Data clustering for efficient approximate computing

Abstract

Given the saturation of single-threaded performance improvements in General-Purpose Processor, novel architectural techniques are required to meet emerging demands. In this paper, we propose a generic acceleration framework for approximate algorithms that replaces function execution by table look-up accesses in dedicated memories. A strategy based on the K-Means Clustering algorithm is used to learn mappings from arbitrary function inputs to frequently occurring outputs at compile-time. At run-time, these learned values are fetched from dedicated look-up tables and the best result is selected using the Nearest-Centroid Classifier, which is implemented in hardware. The proposed approach improves over the state-of-the-art neural acceleration solution, with nearly 3X times better performance, \(18.72\%\) up to \(90.99\%\) energy reductions and \(17\%\) area savings under similar levels of quality, thus opening new opportunities for performance harvesting in approximate accelerators.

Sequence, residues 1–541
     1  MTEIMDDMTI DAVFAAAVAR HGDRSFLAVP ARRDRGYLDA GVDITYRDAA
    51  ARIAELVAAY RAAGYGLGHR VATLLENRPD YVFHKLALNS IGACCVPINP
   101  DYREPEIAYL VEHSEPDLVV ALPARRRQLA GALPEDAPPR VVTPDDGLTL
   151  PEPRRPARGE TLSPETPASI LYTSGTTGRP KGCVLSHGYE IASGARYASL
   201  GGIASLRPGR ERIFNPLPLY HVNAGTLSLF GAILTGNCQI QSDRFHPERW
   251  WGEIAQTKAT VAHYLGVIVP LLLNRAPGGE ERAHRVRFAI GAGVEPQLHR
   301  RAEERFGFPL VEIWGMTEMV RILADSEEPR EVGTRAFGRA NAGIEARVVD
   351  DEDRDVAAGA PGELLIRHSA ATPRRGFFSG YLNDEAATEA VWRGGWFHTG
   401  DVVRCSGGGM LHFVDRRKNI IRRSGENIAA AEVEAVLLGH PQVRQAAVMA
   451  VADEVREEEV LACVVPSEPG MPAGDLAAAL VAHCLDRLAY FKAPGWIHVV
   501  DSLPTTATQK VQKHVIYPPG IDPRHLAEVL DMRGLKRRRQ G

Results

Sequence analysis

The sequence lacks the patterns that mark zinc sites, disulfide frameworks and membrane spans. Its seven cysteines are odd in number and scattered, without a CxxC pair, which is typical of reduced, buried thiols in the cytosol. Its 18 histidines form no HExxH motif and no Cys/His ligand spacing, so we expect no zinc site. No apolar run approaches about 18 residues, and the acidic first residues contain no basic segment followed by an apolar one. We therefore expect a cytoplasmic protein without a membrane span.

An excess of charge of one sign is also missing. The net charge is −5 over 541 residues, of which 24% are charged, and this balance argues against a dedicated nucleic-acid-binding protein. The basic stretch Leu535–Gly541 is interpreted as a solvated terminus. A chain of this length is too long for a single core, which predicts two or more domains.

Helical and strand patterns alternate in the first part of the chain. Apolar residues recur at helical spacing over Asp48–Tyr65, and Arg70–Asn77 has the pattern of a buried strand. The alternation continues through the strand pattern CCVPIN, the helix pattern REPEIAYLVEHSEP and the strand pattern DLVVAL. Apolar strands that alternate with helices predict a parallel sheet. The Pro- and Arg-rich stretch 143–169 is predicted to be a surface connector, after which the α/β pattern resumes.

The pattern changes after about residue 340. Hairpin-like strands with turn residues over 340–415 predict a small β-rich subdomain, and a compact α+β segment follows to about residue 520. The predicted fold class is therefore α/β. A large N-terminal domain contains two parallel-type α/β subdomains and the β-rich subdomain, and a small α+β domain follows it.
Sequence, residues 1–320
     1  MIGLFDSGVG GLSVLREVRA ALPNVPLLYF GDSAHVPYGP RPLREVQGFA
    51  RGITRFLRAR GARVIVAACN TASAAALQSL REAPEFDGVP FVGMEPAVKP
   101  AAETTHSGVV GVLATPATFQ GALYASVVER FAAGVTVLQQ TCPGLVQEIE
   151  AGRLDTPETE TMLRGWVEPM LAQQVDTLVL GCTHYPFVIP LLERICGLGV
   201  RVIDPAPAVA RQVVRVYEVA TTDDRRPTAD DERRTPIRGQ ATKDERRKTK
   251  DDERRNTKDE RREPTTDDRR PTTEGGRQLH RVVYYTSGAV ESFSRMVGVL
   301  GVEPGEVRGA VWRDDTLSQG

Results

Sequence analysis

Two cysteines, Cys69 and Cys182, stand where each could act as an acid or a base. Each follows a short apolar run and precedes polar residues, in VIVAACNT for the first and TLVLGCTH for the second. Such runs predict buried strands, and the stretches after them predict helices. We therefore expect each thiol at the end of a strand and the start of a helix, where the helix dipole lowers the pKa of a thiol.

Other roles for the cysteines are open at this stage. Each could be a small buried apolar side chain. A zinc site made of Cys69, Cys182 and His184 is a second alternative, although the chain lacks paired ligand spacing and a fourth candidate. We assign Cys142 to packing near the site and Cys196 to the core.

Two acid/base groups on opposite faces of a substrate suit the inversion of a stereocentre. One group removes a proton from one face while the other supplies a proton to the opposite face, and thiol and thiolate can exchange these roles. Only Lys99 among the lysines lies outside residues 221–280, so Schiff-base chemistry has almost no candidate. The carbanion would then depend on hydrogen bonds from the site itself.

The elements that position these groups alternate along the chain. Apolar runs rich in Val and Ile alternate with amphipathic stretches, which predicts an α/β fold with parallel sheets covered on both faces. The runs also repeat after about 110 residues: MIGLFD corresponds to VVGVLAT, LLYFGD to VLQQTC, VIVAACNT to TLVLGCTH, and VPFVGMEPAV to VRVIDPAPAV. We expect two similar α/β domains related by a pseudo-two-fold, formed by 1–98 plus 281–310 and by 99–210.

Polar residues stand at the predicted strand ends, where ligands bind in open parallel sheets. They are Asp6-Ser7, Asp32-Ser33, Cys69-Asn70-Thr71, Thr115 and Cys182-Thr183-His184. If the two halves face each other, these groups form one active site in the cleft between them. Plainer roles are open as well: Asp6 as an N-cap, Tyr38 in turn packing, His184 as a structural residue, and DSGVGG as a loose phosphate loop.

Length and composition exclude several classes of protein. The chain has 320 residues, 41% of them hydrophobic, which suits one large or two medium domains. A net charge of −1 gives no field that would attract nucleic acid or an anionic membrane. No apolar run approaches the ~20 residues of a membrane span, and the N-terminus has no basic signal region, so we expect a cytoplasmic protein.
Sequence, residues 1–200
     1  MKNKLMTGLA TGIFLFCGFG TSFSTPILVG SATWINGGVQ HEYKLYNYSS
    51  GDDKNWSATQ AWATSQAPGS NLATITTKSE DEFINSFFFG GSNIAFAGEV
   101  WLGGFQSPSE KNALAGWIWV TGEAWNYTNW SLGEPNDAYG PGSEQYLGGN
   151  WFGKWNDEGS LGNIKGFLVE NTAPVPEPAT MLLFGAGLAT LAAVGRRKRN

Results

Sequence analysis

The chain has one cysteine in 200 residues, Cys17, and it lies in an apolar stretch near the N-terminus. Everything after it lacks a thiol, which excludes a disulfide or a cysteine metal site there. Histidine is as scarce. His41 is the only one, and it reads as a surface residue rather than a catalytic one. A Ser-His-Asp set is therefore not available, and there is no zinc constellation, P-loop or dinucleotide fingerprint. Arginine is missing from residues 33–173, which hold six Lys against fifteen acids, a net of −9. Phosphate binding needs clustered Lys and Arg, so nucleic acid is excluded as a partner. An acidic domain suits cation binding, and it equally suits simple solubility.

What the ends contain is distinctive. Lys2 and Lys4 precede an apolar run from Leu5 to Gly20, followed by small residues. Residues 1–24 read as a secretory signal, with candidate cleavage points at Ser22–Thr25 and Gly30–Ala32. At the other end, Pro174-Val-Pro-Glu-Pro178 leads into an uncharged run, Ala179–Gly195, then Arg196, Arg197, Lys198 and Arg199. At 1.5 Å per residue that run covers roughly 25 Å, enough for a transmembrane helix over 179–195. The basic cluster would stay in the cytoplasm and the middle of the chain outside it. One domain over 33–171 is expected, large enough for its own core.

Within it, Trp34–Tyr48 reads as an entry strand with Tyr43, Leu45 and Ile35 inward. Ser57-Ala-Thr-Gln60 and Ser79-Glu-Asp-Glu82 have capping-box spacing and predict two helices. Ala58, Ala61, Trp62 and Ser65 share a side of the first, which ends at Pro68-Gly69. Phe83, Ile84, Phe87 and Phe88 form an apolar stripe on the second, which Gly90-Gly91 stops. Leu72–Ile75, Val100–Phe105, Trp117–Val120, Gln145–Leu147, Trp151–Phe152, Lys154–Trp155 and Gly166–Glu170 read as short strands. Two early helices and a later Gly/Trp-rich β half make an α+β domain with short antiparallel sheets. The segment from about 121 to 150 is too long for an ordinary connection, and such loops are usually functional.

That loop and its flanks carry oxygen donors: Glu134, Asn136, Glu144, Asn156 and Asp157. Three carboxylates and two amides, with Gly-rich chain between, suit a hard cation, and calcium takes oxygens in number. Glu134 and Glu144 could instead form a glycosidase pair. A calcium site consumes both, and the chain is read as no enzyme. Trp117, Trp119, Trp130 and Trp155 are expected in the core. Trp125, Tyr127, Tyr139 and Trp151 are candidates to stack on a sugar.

This is a preview of subscription content, access via your institution.

Fig. 1
Fig. 2
Fig. 3
Fig. 4
Fig. 5
Fig. 6
Fig. 7
Fig. 8
Fig. 9
Fig. 10
Fig. 11
Fig. 12
Fig. 13

Notes

  1. 1.

    Presenting the details of this algorithm or ANN training is beyond the scope of this paper. We present here an overview with only enough details to allow a comparison with the approximation approach we developed.

References

  1. 1.

    Beck ACS, Lisba CAL, Carro L (2012) Adaptable embedded systems. Springer Publishing Company, Incorporated, Berlin

    Google Scholar 

  2. 2.

    Xu Q, Mytkowicz T, Kim NS (2016) Approximate computing: a survey. IEEE Des Test 33(1):8–22

    Article  Google Scholar 

  3. 3.